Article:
Detecting Heap-Spraying Code Injection Attacks in Malicious Web Pages Using Runtime Execution

YoungHan CHOI  HyoungChun KIM  DongHoon LEE  

Publication
IEICE TRANSACTIONS on Communications   Vol.E95-B   No.5   pp.1711-1721
Publication Date: 2012/05/01
Online ISSN: 1745-1345
DOI: 10.1587/transcom.E95.B.1711
Print ISSN: 0916-8516
Type of Manuscript: PAPER
Category: Internet
Keyword: 
malware detection,  heap spraying attack,  

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Summary:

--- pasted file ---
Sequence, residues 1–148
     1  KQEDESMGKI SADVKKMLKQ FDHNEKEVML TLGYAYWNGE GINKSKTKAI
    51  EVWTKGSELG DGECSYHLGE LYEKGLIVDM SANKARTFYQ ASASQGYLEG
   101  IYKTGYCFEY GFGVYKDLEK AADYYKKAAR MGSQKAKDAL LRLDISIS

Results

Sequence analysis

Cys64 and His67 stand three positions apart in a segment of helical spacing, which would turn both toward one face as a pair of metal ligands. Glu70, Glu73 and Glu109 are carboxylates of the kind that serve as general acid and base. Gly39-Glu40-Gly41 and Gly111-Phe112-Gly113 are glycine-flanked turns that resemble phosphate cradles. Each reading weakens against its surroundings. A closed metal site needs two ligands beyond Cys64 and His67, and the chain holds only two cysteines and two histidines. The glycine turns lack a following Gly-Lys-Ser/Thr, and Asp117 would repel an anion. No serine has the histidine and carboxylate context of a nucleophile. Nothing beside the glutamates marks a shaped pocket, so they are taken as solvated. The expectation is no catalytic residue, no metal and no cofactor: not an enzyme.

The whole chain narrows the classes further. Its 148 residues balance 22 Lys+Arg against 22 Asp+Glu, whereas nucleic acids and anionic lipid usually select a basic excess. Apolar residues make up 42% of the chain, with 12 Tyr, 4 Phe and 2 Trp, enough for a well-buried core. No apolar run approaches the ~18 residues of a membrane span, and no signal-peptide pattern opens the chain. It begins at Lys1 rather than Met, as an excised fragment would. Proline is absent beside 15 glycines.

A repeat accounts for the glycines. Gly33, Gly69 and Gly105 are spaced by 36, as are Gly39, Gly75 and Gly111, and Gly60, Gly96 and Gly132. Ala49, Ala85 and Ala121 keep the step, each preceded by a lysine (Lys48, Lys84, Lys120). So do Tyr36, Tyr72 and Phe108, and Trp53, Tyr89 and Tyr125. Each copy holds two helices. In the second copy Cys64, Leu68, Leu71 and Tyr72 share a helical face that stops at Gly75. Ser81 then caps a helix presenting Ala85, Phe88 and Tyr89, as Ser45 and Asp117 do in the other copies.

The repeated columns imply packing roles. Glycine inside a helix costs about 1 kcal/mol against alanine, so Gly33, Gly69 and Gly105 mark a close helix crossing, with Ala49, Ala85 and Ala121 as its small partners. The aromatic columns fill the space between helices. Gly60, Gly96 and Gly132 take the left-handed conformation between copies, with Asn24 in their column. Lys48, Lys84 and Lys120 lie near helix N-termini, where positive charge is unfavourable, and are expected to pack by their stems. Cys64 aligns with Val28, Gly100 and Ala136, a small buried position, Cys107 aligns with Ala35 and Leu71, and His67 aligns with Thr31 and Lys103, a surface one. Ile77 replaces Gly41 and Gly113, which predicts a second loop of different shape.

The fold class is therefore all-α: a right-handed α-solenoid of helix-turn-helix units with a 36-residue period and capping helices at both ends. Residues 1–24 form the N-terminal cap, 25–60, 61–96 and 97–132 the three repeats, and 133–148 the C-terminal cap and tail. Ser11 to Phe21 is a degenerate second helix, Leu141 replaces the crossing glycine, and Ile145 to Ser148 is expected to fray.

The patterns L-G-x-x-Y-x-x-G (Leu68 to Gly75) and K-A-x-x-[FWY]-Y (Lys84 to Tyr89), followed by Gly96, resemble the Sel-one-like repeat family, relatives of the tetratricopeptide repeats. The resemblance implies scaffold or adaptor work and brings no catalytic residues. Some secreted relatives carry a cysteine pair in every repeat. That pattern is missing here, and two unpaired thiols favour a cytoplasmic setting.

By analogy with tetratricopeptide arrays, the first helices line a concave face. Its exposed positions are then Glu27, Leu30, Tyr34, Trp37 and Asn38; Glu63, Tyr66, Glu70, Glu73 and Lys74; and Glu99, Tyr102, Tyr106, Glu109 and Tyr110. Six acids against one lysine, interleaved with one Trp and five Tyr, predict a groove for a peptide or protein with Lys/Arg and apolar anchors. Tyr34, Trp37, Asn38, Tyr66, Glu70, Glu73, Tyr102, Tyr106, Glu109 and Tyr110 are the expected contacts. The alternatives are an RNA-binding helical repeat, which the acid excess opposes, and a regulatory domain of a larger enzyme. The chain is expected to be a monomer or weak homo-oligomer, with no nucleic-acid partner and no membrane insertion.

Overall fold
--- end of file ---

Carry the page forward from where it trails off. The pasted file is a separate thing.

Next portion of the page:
The growing use of web services is increasing web browser attacks exponentially. Most attacks use a technique called heap spraying because of its high success rate. Heap spraying executes a malicious code without indicating the exact address of the code by copying it into many heap objects. For this reason, the attack has a high potential to succeed if only the vulnerability is exploited. Thus, attackers have recently begun using this technique because it is easy to use JavaScript to allocate the heap memory area. This paper proposes a novel technique that detects heap spraying attacks by executing a heap object in a real environment, irrespective of the version and patch status of the web browser. This runtime execution is used to detect various forms of heap spraying attacks, such as encoding and polymorphism. Heap objects are executed after being filtered on the basis of patterns of heap spraying attacks in order to reduce the overhead of the runtime execution. Patterns of heap spraying attacks are based on analysis of how an web browser accesses benign web sites. The heap objects are executed forcibly by changing the instruction register into the address of them after being loaded into memory. Thus, we can execute the malicious code without having to consider the version and patch status of the browser. An object is considered to contain a malicious code if the execution reaches a call instruction and then the instruction accesses the API of system libraries, such as kernel32.dll and ws_32.dll. To change registers and monitor execution flow, we used a debugger engine. A prototype, named HERAD(HEap spRAying Detector), is implemented and evaluated. In experiments, HERAD detects various forms of exploit code that an emulation cannot detect, and some heap spraying attacks that NOZZLE cannot detect. Although it has an execution overhead, HERAD produces a low number of false alarms. The processing time of several minutes is negligible because our research focuses on detecting heap spraying. This research can be applied to existing systems that collect malicious codes, such as Honeypot.